In Latvia, writes Taylor, “hundreds of communal properties, including synagogues and schools that belonged to a once-thriving Jewish community, remain unreturned. In Croatia and Slovenia, non-citizens are excluded from legislation that provided restitution for confiscated property. Bosnia has yet to address the issue.” And then there is Poland, “the sole European Union member without a national program to return or provide compensation for private property stolen during the war and its aftermath.”

The fight for restitution has been a difficult and often combative one but I would like to conclude with the story of Christophe Meili. In 1977, Meili was a security guard at the Union Bank of Switzerland when he discovered bank employees shredding what appeared to be important Holocaust-era documents.

After he handed those documents over to Jewish leaders, Meili was fired by the banks and received death threats for his efforts. Meili and his family eventually fled to the United States and in order to offer him refuge, then president Bill Clinton signed special legislation granting them permanent residency in the U.S.

In order to thank him for his honesty and sacrifice, Meili and his family were presented with an $18,000-a-year scholarship at Chapman University in Orange, California. The award came from a group of 650 Holocaust survivors.


ACTIVE HOLOCAUST RESTITUTION FUNDS: NOT TOO LATE TO APPLY FOR SOME
Canadian Jewish News, Mark Mietkiewicz -  July 5, 2018  (published March 6 2019)


In my first column on Holocaust restitution, I looked at the struggle for Jewish reparations over the years. Although the deadline for most programs has passed, there are a surprising number for which it’s not too late to apply.

The best website to focus on is run by the Conference on Jewish Material Claims Against Germany. The Claims Conference is the central body which negotiates on behalf of world Jewry for compensation and restitution for victims of Nazi persecution and their heirs. And as it puts it, “to provide a measure of justice for Jewish Holocaust victims, and to provide them with the best possible care.”

As the site points out, “there is no fee to apply for compensation from the Claims Conference. You do not need to pay anyone for application forms and you are not required to obtain assistance in completing and/or submitting application forms. If you need assistance to apply, you may contact the Claims Conference  – without any fee.” (Please do contact them if you have questions. I have no further information beyond what is included in this column.) The Claims Conference uses a single application form – available in English, German, Hebrew, Russian and French – for all programs.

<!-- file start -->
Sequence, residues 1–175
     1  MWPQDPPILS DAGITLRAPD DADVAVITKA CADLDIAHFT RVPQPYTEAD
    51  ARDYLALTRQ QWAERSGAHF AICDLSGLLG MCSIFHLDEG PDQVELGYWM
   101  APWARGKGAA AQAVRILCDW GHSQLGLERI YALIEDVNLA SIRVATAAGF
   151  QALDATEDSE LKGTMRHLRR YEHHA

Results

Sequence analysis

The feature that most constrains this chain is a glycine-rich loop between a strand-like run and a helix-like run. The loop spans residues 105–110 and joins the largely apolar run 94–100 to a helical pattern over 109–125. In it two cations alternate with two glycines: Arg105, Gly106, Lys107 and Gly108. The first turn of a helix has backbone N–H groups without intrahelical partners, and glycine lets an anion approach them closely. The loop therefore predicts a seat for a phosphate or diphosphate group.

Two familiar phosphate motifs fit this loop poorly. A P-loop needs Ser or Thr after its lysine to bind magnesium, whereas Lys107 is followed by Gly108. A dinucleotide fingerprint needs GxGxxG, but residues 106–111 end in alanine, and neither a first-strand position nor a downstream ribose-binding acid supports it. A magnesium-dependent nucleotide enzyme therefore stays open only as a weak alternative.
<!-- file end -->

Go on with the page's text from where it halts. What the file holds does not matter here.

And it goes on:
These programs are still in effect. (The following are summaries. See the website for full details.)

The Article 2 Fund – Lifetime monthly compensation for a range of survivors including survivors who were citizens of Western European countries at the time of their persecution and were in concentration camps or ghettos or who lost a family member; those incarcerated in a ghetto or lived in hiding or under false identify; Jews incarcerated in special camps in Austria, the copper mines in Bor, Yugoslavia, and in labor battalions for Hungarians on the Ukrainian front.

The Central and Eastern European Fund – similar to the Article 2 Fund allows some of the most persecuted Nazi victims in Central and Eastern Europe and the former Soviet Union to receive compensation for the first time.

The Hardship Fund – A one-time payment for Holocaust survivors from the former Soviet bloc countries who emigrated to the West.

The Child Survivor Fund – A one-time payment of €2,500 to Jewish Nazi victims who were in a concentration camp, a ghetto, or in hiding for at least 6 months in Nazi-occupied or Axis countries.

The Orphan Fund – A one-time payment of €2,556 to those living in former Soviet bloc countries who were born in 1928 or later and were orphaned due to Nazi persecution (both parents were killed due to persecution.)

The Claims Conference is also involved in these active restitution agreements: